It was hard for Ruth and Neil to say much as such a lot had happened of late and the voices around them were loud. However, they were not so loud that Ruth didn’t hear Neil’s proposal of marriage and definitely not too loud to accept.
Sitting in the snug in the Frog and Radiator, John Tuck and Tom Coppernob had been celebrating the safe return of Sally and Billy. The two farm hands were deep in conversation.
“You don’t look so good mate,” stated John to Tom.
“I don’t feel so good,” confessed Tom. “I haven’t been fer days.”
“Been where mate, the shops?”
“Football, Muckleford, the market?”
“No, no, no. I haven’t been fer days.”
“Where mate, where?”
“We’re talkin’ number two’s I take it? No poo from your yer old dispenser? You’re in a slump from not havin’ a dump.”
“I feel all bloated like, bloated ‘n ruddy uncomfortable.”
“It’s not good mate, not good at all in fact it is bad; very bad. How long has it been?”
“Maybe four days.”
“Four days without evacuating the old chamber? That is bad and no mistake. You need to take drastic action and sooner rather than later leastwise your stomach could implode.”
“You mean explode?”
“No mate, I mean implode. Go off inside you spreading muck all over yer innards, setting toxic waste up against yer liver and kidneys; against yer prostate and yer spleen; poisoning you from the inside out.”
“Oh Lord, what should I do?”
“Give me a pen and a bit o’paper and I’ll make a list of bits o’things you will need.”
Tom promptly left the pub and went immediately to Silvanus Pinchwort’s Apothecary in Muckleford. He purchased all the items John had itemised. When Tom arrived home he duly swallowed the contents from both bottles containing syrup of figs. This he followed up by shovelling twelve capsules of laxatives down his throat which he then washed down with a swig of peppered water. He felt sick afterwards but was aware that he had to follow John Tuck’s instructions to the letter. He then sat down with Violet, his long-suffering partner, where he consumed a bowl full of stew brimming with freshly cooked vegetables. He and Violet ate their dinner in silence before retiring to the parlour where they sat down, dishes left in the sink to soak, to watch their favourite TV programme ‘The Golden Shot.’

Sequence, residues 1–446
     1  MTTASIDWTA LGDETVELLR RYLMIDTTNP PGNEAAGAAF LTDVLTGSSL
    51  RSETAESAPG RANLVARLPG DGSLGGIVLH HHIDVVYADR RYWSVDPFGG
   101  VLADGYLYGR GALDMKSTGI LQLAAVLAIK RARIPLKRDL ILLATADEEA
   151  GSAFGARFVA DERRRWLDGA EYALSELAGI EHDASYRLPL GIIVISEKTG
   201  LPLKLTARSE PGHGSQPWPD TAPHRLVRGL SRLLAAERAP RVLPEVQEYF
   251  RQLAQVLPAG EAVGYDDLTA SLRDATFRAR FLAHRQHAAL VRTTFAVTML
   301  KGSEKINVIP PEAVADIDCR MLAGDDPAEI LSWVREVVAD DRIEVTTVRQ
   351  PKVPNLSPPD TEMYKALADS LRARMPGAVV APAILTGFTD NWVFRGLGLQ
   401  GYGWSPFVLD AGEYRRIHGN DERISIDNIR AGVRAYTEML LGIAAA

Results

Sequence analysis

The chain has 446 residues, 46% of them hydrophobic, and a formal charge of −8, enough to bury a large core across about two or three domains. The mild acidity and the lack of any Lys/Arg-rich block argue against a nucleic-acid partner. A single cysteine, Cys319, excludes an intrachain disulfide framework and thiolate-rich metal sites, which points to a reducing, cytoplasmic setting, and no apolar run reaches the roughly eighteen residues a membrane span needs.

Two hours later Tom leapt up from the settee like a man possessed. Gripping his distended stomach he lurched out of the room groaning as Violet watched him stagger away. He reached the foot of the stairs where he unbuckled his trouser belt. He tried to climb the stairs three at a time but his trousers slid to his ankles preventing this so that he was forced, bowels filled to capacity, buttocks tightly clenched, to pogo his way up the stairwell like a demented frog until he reached the toilet. Throwing the door wide, and caution to the proverbial, as a roiling ferment assailed his insides, he settled with a crash onto the porcelain trumpet.
Downstairs in the parlour Violet listened to the noise created by Tom. She was slightly puzzled by the hullabaloo but continued to watch the television after all nothing took precedence over ‘The Archers.’ A momentary silence settled on proceedings before a loud rumble like that of a huge klaxon ringing an alarm threatened to shake the house to its foundations. This was swiftly followed by a noise as of elephants trumpeting their terror as they ran riot through fields of bamboo, desiccating and shredding the stalks whilst making the violent noise of a hurricane being blown through a large kazoo. Finally there came a strangled, muted gargle followed by the sound of weeping.
“Oh my arse, my poor, poor arse,” cried Tom.
One thing was for certain though; life in Fekenham goes on as it always does, as it always has.
End of Book Four
The next book in the series is Hand In Glove.
Russell Cuts the Corn From The Brewers Whiskers.